SLAVERY AND AMERICAN NATIONALITY
Both the Whig and the Democratic parties betrayed the insufficiency of their ideas by their behavior towards the problem of slavery. Hitherto I have refrained from comment on the effect which the institution of slavery was coming to have upon American politics because the increasing importance of slavery, and of the resulting anti-slavery agitation, demand for the purpose of this book special consideration. Such a consideration must now be undertaken. The bitter personal and partisan controversies of the Whigs and the Democrats were terminated by the appearance of a radical and a perilous issue; and in the settlement of this question the principles of both of these parties, in the manner in which they had been applied, were of no vital assistance.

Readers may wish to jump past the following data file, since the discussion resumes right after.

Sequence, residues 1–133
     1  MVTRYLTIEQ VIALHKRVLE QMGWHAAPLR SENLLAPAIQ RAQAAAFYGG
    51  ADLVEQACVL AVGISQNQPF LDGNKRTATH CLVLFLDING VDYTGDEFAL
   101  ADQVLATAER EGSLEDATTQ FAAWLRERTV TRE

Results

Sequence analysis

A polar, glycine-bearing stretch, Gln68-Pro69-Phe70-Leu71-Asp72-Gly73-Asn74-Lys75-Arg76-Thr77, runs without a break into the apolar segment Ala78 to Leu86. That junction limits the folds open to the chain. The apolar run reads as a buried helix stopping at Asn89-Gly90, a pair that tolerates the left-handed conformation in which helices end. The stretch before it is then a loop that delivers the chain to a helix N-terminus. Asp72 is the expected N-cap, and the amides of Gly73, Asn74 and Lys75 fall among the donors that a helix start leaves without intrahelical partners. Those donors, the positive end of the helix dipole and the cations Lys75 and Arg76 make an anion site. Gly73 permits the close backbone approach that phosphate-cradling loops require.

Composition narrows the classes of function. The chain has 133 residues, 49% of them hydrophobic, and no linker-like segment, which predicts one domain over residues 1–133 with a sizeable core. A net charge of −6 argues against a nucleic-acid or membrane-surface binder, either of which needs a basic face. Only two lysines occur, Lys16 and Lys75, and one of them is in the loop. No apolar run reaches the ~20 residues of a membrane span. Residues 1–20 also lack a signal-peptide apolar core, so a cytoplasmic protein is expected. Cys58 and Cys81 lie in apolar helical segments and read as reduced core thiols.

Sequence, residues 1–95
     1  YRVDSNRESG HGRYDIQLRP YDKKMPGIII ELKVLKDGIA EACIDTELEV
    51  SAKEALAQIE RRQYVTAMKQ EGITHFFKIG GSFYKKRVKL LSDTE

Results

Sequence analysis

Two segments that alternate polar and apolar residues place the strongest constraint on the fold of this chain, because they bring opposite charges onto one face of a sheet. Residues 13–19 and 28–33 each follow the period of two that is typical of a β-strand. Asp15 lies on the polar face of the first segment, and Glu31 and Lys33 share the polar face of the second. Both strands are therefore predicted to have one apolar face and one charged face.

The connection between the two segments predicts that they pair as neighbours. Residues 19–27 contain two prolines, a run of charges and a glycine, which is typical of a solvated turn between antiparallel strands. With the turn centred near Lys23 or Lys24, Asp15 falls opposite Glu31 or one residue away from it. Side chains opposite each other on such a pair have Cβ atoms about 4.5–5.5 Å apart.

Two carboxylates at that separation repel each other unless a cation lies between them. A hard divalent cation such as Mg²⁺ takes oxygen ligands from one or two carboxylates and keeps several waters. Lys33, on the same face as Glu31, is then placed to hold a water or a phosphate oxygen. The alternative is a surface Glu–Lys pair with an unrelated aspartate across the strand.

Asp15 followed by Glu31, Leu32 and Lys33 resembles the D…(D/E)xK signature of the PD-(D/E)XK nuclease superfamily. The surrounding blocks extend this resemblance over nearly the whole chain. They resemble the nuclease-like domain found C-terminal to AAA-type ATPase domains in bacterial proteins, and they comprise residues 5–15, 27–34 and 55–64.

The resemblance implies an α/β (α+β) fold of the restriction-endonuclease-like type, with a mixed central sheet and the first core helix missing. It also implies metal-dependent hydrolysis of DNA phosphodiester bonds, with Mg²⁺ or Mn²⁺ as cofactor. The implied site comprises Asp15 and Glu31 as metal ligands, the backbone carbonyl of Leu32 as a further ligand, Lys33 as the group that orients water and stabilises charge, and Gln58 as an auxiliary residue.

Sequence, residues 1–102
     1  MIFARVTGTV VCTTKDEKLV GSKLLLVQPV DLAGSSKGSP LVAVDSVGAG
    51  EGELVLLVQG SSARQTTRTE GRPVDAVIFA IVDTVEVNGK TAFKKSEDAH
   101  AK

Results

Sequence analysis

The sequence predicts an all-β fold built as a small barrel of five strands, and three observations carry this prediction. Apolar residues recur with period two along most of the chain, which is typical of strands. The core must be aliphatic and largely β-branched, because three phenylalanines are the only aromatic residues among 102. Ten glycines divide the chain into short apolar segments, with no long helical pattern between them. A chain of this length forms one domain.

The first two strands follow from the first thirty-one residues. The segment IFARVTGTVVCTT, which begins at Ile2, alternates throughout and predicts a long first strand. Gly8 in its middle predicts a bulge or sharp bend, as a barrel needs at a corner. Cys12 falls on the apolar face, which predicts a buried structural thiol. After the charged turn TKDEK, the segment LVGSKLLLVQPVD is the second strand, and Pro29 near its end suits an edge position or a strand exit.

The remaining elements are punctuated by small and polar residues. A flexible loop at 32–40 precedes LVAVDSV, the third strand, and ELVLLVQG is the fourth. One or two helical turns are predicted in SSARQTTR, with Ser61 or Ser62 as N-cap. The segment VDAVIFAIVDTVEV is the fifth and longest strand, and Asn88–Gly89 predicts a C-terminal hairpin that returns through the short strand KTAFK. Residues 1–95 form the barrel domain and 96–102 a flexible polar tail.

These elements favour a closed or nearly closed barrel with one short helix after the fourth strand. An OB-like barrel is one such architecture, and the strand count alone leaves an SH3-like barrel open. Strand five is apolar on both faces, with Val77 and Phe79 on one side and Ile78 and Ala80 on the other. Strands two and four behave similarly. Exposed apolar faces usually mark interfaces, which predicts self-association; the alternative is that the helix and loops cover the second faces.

The issue was created by the legal existence in the United States of an essentially undemocratic institution. The United States was a democracy, and however much or little this phrase means, it certainly excludes any ownership of one man by another. Yet this was just what the Constitution sanctioned. Its makers had been confronted by the legal existence of slavery in nearly all of the constituent states; and a refusal to recognize the institution would have resulted in the failure of the whole scheme of Constitutional legislation. Consequently they did not seek to forbid negro servitude; and inasmuch as it seemed at that time to be on the road to extinction through the action of natural causes, the makers of the Constitution had a good excuse for refusing to sacrifice their whole project to the abolition of slavery, and in throwing thereby upon the future the burden of dealing with it in some more radical and consistent way. Later, however, it came to pass that slavery, instead of being gradually extinguished by economic causes,